If a woman who has been fired sues for, she doesn’t have to prove that her pregnancy was the sole reason for the termination. She merely has to show that it was a motivating factor.
Recent case: Lorena was a collections clerk for a publishing company. When she got pregnant, she informed her employer that she would be taking childbirth and child bonding leave under the terms of the California Fair Employment and Housing Act (FEHA).
While Lorena was out, a part-timer who had been hired to cover for her discovered that some of Lorena’s work was incomplete. The company told Lorena to delay her return by a week, but she showed up anyway and got into an argument with her temporary replacement. The company decided to terminate Lorena for allegeddiscovered both before and during her leave.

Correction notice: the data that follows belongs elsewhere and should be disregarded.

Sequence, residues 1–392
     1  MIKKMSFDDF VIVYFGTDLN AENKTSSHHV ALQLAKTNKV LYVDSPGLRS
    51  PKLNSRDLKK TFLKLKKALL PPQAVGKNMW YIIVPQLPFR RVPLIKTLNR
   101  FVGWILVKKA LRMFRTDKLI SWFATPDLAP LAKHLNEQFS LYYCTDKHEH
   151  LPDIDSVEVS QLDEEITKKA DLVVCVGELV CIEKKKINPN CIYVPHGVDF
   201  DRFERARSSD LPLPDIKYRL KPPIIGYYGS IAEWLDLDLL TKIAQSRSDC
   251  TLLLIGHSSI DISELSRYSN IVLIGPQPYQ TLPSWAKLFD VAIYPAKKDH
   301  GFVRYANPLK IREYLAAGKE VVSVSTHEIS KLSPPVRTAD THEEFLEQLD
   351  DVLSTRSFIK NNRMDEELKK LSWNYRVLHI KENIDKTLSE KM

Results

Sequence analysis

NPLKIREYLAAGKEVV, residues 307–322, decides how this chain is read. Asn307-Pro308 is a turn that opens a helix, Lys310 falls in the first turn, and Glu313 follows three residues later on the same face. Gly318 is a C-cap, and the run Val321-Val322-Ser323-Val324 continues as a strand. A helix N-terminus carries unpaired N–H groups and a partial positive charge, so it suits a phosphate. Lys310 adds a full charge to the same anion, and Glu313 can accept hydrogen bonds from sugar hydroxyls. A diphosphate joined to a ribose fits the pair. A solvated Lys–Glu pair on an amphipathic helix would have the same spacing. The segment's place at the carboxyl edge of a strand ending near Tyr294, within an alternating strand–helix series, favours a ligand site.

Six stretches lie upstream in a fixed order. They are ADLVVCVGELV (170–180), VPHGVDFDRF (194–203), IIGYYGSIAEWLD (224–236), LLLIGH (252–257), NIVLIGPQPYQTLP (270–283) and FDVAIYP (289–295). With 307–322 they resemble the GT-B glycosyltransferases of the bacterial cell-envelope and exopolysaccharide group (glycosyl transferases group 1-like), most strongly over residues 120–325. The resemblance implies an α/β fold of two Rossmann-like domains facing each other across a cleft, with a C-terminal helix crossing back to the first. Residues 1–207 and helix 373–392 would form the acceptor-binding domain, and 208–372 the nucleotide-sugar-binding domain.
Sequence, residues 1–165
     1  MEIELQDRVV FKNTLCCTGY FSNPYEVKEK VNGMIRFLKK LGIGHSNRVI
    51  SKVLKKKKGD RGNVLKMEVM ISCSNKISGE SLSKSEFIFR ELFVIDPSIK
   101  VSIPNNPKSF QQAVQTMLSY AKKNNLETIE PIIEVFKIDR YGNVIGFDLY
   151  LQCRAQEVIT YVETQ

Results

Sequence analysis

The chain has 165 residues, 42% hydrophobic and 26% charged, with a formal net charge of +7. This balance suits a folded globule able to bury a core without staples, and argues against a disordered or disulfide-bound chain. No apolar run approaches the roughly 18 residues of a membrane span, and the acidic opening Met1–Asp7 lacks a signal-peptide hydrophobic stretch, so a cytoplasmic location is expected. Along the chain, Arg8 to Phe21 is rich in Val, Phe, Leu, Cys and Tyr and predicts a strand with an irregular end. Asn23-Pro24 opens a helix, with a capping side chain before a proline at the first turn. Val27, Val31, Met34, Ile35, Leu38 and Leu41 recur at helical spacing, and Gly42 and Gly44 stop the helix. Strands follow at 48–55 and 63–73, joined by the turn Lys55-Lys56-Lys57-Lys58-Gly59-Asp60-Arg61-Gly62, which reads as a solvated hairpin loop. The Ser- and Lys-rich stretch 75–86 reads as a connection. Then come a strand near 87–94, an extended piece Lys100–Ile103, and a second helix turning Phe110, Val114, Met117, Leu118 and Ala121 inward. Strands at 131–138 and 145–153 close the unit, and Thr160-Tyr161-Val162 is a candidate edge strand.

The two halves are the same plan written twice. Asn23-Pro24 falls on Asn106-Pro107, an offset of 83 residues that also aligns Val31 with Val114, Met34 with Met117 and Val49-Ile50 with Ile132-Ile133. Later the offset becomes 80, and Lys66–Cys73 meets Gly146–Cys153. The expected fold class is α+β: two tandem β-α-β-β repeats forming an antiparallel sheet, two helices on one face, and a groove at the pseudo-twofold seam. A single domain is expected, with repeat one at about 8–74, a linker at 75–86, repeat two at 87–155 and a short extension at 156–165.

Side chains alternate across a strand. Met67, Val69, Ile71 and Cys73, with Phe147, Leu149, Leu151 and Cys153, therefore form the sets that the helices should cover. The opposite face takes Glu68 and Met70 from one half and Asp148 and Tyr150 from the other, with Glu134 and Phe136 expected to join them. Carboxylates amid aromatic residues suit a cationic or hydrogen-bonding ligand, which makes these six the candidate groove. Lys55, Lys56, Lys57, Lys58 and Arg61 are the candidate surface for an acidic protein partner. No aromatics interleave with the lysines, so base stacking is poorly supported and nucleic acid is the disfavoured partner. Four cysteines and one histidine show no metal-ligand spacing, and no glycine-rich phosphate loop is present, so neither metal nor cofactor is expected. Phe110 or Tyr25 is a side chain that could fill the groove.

On her first day back, Lorena put in about three hours of work before being fired. She sued, alleging pregnancy discrimination under FEHA.
Her employer argued it fired her for poor performance and insubordination—showing up at work before her scheduled return and arguing with her temporary replacement. It also argued that Lorena had to prove her pregnancy was the only reason she was fired.
The court disagreed. It said her pregnancy only needed to be a motivating factor in the termination decision. The jury considering the case concluded that her pregnancy was a motivating factor and awarded her $10,000.
The judge added another $51,000 in attorneys’ fees. The employer appealed.
The Court of Appeal of California refused to change the result. It concluded that pregnancy need only be a motivating factor for Lorena to win. (Alamo v. PracticeInformation Corporation, No. B230909, California Court of Appeal, 2012)
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